Many years ago, I put out my first series of novels. It began with The Silver Ship and the Sea. As often happens with new children, not everything went well. The Silver Ship and the Sea came out to good reviews and sold well for an SF debut by an unknown author. It won the Endeavor Award. The second book came out on Black Thursday in 2008, or the day the stock market fell. Car dealerships closed. Banking and investment institutions teetered. No one cared about my second book, especially not in hardcover at about $30.00 a copy. I suspect two copies were purchased on release day – one by me and one by my mom. Not the publishers fault, not my fault, and worse things happened to many other people. I didn’t even – really – have any room to complain. We didn’t lose our house or our jobs. But bad sales of book two (Reading the Wind) meant low orders for book three (Wings of Creation), and so the series was cancelled one book shy of completion.
There it languished.
When you start telling a story, and people read your story, they want the end. It’s like a promise between a writer and a reader. But I didn’t have any practical way to put out book four. Each book has a whole story in it, but this series also has a clear meta-story that goes across all the books, and I plotted it as a four-book story.
I didn’t despair. I kept writing. Prime Books published Mayan December, which did better than I thought it would. Pyr bought the duology the The Creative Fire and The Diamond Deep and then the related duology Edge of Dark and, soon, Spear of Light. They may buy two more books set in a different world. Fairwood Press put out my first collection, Cracking the Sky. With the help of five friends, I kickstarted a short fantasy collection, Beyond the Waterfall Door. Edge of Dark was recently shortlisted for the PhillipK. Dick award.
Writing careers accrue to those who persevere.
But in spite of the fact that my new books are doing well, the last book from that first series is still in me. From time to time I dream of it. Every once in a while a fan emails and asked where it is.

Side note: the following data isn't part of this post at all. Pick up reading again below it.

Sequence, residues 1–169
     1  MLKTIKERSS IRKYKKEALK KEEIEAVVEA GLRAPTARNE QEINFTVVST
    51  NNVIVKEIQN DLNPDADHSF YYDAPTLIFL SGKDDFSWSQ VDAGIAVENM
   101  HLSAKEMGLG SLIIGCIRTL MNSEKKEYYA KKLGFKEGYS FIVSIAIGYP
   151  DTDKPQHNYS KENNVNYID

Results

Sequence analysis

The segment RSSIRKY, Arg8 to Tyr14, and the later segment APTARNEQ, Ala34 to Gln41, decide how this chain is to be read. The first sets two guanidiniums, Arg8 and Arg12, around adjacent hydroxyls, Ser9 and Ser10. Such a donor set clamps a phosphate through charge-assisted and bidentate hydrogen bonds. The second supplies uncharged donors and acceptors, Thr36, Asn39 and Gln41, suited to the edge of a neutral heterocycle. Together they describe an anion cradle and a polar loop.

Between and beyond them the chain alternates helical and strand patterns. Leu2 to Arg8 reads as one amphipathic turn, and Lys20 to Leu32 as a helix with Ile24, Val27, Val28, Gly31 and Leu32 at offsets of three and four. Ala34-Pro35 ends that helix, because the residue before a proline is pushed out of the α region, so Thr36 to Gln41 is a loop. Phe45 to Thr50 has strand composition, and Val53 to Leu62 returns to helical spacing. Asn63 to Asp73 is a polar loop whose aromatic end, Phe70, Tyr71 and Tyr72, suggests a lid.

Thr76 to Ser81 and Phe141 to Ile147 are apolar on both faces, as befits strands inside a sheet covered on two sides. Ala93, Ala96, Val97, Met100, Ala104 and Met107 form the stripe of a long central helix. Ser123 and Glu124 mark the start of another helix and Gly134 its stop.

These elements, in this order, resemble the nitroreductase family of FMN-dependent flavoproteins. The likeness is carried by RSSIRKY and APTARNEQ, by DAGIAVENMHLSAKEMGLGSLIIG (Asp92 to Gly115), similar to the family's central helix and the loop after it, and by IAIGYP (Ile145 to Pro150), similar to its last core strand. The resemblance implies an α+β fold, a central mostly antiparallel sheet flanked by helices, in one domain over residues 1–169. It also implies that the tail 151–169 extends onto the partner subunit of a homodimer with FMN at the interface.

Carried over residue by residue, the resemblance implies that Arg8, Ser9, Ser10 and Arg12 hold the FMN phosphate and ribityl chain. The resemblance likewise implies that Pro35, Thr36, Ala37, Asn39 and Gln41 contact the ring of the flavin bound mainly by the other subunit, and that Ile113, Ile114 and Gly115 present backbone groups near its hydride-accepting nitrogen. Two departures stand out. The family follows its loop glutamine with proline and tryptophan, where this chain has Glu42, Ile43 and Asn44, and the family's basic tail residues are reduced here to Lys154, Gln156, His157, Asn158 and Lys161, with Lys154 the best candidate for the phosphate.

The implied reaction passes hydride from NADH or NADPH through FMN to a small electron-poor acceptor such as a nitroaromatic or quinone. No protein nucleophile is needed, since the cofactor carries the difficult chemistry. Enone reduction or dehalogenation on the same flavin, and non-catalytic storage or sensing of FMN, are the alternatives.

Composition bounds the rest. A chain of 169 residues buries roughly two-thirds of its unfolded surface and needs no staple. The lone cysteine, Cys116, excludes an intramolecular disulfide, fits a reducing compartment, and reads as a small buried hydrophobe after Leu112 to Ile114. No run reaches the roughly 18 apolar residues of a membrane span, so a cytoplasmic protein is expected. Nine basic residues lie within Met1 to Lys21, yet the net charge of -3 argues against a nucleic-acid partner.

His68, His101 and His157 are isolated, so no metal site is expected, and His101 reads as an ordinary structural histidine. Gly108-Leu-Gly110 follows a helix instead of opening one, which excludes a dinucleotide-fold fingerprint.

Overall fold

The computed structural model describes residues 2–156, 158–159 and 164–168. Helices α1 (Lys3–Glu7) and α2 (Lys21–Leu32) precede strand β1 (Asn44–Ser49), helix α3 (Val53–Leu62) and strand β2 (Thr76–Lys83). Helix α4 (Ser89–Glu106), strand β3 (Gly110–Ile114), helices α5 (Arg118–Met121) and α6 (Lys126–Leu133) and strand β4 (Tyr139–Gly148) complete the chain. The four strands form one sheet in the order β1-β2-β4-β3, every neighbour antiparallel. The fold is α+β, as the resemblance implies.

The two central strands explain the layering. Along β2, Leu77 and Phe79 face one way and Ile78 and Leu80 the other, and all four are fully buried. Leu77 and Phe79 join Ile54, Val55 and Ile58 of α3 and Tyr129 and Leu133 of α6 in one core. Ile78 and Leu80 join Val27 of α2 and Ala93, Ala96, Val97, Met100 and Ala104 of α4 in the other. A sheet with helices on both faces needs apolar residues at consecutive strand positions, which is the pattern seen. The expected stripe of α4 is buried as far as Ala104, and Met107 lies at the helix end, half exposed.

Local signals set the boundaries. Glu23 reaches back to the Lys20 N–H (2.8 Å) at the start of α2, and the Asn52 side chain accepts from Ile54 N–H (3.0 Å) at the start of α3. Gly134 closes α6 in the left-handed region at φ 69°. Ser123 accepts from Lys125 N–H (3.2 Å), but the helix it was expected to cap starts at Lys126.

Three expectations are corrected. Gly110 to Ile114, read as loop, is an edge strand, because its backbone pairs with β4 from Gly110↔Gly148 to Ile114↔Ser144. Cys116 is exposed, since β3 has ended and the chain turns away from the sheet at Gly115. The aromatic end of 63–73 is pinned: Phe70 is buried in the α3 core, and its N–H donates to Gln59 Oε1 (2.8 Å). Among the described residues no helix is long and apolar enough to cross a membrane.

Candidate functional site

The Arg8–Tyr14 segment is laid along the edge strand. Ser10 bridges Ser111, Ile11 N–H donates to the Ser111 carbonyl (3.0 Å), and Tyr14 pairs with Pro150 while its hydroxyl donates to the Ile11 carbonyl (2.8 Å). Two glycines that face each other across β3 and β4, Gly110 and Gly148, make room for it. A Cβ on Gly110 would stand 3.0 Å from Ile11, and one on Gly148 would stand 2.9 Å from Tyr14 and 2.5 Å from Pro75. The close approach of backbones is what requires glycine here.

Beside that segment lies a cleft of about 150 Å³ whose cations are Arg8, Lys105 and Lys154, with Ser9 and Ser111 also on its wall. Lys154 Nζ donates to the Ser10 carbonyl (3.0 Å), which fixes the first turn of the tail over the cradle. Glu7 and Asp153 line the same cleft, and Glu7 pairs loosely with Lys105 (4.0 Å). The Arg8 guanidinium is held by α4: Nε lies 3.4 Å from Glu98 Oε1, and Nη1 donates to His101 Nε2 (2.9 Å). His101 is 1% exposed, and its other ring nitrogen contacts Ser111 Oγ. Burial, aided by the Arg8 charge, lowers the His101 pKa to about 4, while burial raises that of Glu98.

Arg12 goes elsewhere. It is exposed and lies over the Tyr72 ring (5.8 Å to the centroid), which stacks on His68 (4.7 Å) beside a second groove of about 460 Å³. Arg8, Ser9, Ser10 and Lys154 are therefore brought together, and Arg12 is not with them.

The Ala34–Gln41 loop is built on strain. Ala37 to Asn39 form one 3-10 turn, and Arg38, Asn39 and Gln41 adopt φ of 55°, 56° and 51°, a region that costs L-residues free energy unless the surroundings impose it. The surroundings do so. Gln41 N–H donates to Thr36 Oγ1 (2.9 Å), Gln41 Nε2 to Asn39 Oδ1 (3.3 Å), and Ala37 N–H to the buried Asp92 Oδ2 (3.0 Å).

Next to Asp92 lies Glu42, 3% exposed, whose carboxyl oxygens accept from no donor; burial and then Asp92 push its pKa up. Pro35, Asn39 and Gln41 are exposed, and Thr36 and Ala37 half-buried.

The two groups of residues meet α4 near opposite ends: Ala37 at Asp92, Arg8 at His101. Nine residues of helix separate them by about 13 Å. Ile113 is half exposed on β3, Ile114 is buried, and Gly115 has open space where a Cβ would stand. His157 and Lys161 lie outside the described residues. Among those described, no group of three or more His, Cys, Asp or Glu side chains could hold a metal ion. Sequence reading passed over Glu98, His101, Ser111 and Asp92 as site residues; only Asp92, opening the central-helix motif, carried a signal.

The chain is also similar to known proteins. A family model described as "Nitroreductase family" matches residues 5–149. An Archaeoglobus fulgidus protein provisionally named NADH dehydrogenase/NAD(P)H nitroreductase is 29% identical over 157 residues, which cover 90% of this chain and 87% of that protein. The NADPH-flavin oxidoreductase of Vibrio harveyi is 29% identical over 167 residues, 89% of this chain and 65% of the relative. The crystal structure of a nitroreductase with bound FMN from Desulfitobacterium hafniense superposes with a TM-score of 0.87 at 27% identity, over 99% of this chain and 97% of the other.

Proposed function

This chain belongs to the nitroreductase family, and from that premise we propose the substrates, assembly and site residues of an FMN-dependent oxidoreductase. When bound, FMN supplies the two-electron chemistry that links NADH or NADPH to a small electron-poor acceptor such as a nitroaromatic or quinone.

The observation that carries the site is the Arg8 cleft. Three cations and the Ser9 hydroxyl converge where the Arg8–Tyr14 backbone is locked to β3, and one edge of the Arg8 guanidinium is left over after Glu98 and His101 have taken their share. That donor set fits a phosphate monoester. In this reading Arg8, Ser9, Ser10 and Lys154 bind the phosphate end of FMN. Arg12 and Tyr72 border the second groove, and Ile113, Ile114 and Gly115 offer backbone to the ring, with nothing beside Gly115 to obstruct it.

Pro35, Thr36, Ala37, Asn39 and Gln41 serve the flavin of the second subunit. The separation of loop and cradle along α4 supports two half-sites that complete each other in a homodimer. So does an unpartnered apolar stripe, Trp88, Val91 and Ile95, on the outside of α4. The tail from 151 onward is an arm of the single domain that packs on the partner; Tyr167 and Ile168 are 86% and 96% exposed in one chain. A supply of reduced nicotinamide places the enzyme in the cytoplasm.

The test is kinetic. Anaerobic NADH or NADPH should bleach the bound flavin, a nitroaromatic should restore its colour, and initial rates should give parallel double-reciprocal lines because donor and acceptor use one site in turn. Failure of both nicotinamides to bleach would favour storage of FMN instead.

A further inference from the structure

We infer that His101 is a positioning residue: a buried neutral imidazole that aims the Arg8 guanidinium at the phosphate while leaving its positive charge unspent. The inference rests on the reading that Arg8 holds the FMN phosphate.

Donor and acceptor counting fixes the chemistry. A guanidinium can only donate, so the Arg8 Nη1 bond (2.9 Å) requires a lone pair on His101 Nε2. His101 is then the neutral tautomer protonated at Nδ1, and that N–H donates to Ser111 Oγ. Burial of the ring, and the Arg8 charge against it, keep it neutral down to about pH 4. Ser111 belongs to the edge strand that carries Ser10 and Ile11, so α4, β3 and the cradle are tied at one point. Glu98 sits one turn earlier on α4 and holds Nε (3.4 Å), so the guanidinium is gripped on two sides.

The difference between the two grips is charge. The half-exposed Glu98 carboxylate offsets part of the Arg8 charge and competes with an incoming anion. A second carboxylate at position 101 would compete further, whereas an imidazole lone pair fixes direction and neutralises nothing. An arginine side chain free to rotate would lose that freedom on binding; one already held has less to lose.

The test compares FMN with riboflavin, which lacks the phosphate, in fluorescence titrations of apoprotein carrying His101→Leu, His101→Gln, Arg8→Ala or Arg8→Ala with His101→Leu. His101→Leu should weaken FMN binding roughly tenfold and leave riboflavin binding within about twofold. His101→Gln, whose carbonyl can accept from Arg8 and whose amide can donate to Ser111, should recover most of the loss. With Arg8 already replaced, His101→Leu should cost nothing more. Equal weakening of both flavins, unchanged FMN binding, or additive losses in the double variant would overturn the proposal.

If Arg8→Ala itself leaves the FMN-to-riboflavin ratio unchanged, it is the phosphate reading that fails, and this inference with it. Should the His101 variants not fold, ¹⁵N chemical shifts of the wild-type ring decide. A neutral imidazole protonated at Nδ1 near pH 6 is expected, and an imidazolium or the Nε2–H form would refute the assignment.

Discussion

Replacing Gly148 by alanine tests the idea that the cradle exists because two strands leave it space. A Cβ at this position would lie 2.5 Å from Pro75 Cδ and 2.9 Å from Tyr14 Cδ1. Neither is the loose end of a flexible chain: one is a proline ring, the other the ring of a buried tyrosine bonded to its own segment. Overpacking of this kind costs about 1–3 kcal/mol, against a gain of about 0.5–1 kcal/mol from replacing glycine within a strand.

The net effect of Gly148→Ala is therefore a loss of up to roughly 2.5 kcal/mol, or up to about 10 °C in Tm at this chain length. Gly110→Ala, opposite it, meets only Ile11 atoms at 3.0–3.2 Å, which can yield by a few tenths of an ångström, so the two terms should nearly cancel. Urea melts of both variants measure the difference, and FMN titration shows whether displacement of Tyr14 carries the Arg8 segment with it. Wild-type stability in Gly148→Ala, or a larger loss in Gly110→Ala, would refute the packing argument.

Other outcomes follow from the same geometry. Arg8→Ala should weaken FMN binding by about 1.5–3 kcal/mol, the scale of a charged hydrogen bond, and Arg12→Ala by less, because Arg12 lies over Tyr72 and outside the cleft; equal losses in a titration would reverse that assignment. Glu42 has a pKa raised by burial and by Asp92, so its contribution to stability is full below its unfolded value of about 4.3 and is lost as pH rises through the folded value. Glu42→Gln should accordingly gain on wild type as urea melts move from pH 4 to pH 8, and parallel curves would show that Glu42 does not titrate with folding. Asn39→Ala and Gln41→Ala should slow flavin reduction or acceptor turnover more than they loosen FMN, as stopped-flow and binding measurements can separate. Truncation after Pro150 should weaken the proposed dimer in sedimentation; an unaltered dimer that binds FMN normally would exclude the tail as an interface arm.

I’ve had contracts in hand since I was in Maine in January, and now it can be told.
Wordfire Press will reprint the first three books, and they will publish book 4, The Making War (which exists as a rough draft, about half done. So it needs more work…). I’m also going to clean up the first three – without changing the story or the characters, who I love dearly. I’ll make it stronger, although with a light touch. I know a lot more now than I did ten years ago when I wrote Silver Ship in the first place. They’re going to be great.
I don’t have pub dates yet, and those of you who follow me closely know how busy I am. But I will get this done. I will be able to keep my promise.
I was lucky enough to have a book nominated for the Philip K. Dick award in a great year for it. The competition is stiff – I recommended Ramez Naam’s Apex long before we all got nominated, I read and loved an early version of Adam Rakunas’s Windswept (the current version is still on my TBR pile, and I’m not at all surprised it is doing great). I’m enjoying PJ Manney’s (R)evolution when dog walking and commuting. I’m hoping to get to the other two (Archangel, by Marguerite Reed, and After the Saucers Landed, by Douglas Lain) before the award, although my only chance is probably audio given all the required reading I have right now. But liking the other nominated work is only one dimension.
Some sic fi awards have been awkward over the last few years. But we are all working together to bring you something cool:
And you win! We’re giving away six sets of the six books. Head on over to our giveaway site, and enter for a chance to win.
I mostly read science fiction, but every once in a while I’ll dig into fantasy, especially by certain favorite writers. Aliette DeBodard is one of my favorites. Her House of Shattered Wings didn’t disappoint. This dark fantasy set in an alternate Paris turned out to be an excellent read, full of flawed and magnificent characters, real threats, powerful magic, and small intrigues.
I highly recommend it.
Note that there are multiple breathtaking cover images of this book. I consider that a testament to the powerfully evocative imagery in the book.
I am a writer, public speaker, and a futurist. I’m interested in how new technologies might change us and our world, particularly for the better.
I’m excited about my most recent book series, a duology called “Ruby’s Song” which includes the books The Creative Fire and The Diamond Deep, both published by Pyr. I’m also doing a non-fiction blog series, Backing into Eden, which comes out roughly twice a month and explores ways to care for the world, now and in the future.